Kadyrkul Sharshembieva, Aliya Sharshembieva, and Raushan Sharshembieva
Medium of Work:
Santa Fe: 2011, 2012, 2013, 2014, 2015, 2017, 2018
Deliciously soft, versatile, and abundantly available in the sheep-laden Kyrgyzstan countryside, wool—and more specifically, felt—has been a staple of Kyrgyz people for centuries. Outside of the Kyrgyzstani capital of Bishkek, at the base of the Tien Shan mountain range, the Seven Sisters artist collective is situated.
The company name “Seven Sisters” is accurate: originally started by Farzana Sharshembieva, the organization eventually grew to include all six of her sisters. The sisters are sixth generation artists. Both parents – father was a master saddle maker, mother an embroiderer – taught art at the college level, and other relatives included jewelers and furriers.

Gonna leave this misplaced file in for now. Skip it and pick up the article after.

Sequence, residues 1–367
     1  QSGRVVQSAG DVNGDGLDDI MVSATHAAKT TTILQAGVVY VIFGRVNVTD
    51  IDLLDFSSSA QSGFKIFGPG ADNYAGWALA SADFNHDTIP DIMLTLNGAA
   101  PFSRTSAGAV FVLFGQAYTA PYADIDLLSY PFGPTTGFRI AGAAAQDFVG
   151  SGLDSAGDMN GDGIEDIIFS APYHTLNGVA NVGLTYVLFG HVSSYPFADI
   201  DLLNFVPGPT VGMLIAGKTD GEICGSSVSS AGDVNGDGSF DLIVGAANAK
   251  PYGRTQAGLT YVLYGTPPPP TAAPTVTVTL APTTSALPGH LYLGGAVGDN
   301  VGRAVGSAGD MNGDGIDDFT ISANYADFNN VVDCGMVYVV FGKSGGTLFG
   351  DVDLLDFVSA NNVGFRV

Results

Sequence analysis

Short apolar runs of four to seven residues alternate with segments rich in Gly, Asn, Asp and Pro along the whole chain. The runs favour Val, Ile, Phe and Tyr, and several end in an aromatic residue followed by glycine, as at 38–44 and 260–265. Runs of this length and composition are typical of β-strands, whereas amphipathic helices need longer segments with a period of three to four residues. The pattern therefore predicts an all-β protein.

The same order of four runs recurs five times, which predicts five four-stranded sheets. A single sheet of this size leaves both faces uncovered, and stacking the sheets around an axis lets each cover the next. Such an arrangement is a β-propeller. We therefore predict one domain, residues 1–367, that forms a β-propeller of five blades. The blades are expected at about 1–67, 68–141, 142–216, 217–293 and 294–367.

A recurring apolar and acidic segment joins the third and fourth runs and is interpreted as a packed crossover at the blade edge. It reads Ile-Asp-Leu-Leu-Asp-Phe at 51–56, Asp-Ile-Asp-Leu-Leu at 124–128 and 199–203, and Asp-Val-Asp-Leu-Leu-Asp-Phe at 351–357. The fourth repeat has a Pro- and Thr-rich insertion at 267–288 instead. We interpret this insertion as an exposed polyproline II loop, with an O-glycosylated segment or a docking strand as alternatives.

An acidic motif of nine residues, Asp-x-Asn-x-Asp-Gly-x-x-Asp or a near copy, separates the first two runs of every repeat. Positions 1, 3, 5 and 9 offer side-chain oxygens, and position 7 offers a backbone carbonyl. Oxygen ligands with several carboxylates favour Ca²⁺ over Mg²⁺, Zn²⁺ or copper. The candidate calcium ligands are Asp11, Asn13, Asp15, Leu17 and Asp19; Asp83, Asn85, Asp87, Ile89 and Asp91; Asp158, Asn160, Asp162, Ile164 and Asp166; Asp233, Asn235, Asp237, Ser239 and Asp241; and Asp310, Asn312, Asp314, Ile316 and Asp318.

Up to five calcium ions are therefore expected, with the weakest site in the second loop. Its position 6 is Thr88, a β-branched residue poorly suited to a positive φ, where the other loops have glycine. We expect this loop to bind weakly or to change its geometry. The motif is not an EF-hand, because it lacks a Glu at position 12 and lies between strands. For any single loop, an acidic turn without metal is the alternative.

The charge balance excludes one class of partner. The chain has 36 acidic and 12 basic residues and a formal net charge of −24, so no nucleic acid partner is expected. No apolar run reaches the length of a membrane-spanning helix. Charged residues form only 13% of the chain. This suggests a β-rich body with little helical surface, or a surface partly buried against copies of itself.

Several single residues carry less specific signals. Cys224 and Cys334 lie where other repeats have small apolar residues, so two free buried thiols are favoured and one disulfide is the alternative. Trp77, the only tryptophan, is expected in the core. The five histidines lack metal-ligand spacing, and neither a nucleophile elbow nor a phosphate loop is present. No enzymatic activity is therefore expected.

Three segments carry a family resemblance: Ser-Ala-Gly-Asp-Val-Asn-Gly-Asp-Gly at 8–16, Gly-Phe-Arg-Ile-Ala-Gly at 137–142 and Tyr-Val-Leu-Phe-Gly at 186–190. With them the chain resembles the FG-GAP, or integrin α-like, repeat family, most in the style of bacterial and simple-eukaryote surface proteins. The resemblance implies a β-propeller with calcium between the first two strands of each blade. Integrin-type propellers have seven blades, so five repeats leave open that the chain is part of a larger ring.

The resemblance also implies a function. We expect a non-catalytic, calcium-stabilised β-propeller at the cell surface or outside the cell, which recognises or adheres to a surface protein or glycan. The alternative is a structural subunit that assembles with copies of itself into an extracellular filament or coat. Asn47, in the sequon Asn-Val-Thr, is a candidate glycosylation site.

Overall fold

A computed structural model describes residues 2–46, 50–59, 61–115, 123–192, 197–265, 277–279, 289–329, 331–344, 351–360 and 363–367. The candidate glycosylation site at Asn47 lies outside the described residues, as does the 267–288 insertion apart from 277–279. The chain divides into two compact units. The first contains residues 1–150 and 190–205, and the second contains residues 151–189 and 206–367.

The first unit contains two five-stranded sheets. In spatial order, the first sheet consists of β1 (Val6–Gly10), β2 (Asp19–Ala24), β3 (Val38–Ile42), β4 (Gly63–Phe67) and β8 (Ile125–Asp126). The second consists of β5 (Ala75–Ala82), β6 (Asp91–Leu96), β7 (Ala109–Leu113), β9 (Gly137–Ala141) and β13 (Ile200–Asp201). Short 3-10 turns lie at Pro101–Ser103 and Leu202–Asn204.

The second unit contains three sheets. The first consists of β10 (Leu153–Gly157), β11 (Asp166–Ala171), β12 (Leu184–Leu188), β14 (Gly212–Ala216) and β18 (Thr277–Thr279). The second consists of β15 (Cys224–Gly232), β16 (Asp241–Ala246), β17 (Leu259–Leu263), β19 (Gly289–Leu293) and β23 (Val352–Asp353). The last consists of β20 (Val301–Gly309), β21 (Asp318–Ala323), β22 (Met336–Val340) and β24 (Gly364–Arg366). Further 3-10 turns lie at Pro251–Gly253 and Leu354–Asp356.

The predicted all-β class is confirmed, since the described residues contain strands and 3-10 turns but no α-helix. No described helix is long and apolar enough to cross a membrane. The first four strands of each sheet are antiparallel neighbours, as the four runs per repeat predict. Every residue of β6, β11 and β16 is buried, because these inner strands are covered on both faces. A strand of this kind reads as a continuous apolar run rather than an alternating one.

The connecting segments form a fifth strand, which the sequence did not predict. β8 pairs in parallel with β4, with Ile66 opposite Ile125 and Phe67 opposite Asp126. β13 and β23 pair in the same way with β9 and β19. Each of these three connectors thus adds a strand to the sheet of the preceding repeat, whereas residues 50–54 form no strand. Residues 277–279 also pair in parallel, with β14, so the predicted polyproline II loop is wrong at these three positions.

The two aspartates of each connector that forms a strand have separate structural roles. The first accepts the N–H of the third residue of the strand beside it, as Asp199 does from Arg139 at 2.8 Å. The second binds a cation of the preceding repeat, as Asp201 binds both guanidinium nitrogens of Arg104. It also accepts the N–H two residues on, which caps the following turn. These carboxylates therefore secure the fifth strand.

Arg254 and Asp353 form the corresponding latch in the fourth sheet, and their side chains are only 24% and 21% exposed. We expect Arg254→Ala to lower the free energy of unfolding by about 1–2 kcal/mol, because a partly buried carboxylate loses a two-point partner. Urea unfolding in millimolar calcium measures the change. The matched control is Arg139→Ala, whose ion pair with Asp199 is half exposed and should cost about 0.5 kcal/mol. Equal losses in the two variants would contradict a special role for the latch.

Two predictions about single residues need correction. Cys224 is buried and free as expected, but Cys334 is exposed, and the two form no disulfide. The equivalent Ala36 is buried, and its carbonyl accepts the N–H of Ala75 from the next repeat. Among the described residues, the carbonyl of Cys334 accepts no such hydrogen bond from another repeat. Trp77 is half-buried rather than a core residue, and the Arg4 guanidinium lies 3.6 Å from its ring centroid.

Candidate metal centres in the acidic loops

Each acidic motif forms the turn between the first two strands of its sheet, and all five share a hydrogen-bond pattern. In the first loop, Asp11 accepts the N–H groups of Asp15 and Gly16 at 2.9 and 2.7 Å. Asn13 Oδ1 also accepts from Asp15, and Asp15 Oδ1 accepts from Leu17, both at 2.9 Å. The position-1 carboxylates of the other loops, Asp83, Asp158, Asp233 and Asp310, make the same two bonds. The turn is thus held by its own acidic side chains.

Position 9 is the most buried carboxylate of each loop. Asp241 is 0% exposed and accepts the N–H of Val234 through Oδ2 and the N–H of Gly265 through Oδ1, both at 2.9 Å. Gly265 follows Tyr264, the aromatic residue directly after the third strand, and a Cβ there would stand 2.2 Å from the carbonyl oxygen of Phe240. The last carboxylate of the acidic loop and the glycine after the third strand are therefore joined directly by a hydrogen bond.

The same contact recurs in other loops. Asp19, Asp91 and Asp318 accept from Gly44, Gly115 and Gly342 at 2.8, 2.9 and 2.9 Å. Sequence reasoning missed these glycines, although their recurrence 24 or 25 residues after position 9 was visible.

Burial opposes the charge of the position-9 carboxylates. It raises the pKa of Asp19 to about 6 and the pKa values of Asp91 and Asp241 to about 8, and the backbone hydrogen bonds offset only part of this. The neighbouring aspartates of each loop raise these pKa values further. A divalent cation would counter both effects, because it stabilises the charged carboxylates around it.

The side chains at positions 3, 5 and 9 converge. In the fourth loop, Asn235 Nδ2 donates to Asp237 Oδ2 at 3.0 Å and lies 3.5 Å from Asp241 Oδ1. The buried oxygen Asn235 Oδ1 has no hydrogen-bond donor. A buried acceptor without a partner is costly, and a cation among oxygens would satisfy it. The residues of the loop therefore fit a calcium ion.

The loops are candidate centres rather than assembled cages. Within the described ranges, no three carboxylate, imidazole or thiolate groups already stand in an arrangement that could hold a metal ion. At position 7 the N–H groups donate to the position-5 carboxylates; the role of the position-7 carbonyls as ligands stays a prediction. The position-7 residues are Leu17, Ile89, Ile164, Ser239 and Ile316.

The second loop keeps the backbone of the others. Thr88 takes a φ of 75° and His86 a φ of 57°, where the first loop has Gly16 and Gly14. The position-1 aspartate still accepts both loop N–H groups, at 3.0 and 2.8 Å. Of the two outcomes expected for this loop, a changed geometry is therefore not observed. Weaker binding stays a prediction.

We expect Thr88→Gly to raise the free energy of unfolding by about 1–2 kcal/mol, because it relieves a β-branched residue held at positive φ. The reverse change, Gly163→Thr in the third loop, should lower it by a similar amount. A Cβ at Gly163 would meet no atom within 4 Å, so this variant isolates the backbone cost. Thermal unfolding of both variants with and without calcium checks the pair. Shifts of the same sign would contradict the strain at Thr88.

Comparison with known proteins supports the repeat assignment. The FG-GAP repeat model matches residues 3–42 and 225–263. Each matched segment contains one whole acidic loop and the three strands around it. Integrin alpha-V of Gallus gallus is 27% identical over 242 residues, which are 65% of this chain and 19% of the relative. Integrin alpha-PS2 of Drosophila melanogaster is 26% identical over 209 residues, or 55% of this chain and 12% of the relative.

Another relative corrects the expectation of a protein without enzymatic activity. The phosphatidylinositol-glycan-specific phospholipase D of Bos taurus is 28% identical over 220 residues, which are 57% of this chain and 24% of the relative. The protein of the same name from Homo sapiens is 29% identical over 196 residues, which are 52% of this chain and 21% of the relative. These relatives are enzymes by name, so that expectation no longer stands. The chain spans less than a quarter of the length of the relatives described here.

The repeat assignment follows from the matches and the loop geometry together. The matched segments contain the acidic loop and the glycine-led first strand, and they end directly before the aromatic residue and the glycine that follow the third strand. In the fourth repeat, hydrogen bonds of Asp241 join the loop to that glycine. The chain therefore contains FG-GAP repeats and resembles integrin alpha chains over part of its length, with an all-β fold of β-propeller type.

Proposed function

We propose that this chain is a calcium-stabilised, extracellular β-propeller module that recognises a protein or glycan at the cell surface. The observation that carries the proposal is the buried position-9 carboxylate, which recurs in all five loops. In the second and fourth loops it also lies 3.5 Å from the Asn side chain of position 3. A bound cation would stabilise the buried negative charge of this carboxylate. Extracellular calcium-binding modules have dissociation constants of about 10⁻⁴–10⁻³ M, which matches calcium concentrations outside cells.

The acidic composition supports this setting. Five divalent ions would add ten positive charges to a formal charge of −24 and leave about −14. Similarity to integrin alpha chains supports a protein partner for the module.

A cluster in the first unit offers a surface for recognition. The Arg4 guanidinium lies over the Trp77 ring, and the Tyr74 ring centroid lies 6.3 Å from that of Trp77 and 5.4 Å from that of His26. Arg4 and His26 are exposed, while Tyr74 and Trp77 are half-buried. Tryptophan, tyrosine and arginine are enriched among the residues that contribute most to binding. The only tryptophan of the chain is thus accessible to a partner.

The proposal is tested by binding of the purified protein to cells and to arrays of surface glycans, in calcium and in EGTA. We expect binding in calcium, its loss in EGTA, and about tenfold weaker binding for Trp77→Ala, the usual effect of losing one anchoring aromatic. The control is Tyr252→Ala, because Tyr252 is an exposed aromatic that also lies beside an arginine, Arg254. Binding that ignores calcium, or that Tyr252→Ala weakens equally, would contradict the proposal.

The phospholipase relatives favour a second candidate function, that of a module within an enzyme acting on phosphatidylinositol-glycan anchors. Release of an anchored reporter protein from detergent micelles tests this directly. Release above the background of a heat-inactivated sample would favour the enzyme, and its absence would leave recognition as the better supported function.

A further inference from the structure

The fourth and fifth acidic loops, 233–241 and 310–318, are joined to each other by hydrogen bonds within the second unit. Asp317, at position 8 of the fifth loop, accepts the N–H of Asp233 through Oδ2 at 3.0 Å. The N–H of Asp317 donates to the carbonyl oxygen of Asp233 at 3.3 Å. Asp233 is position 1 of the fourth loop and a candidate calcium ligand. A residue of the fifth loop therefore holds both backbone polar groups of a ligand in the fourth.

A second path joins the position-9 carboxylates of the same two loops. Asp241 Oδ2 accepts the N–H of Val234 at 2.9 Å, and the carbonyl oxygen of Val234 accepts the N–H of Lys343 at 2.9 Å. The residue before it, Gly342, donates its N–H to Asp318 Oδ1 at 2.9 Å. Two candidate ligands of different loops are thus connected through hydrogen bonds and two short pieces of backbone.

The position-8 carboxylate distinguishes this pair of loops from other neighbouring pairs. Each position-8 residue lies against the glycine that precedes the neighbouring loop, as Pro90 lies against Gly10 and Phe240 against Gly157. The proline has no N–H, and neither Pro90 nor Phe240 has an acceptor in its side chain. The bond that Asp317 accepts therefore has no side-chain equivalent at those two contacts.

Initially taught ala-kiyis, or the age-old Kyrgyz artform of layering felt, by one of their aunts, today, the sisters band together to push its boundaries. The sisters have developed a recognizably unique style over the past decade or so, with swirling, abstracted felt designs layered onto silk. It’s a union of two materials with seemingly different properties: the delicacy of sheer silk, together with the thicker texture of felt. The combination produces richly textured, beautifully lightweight scarves and garments.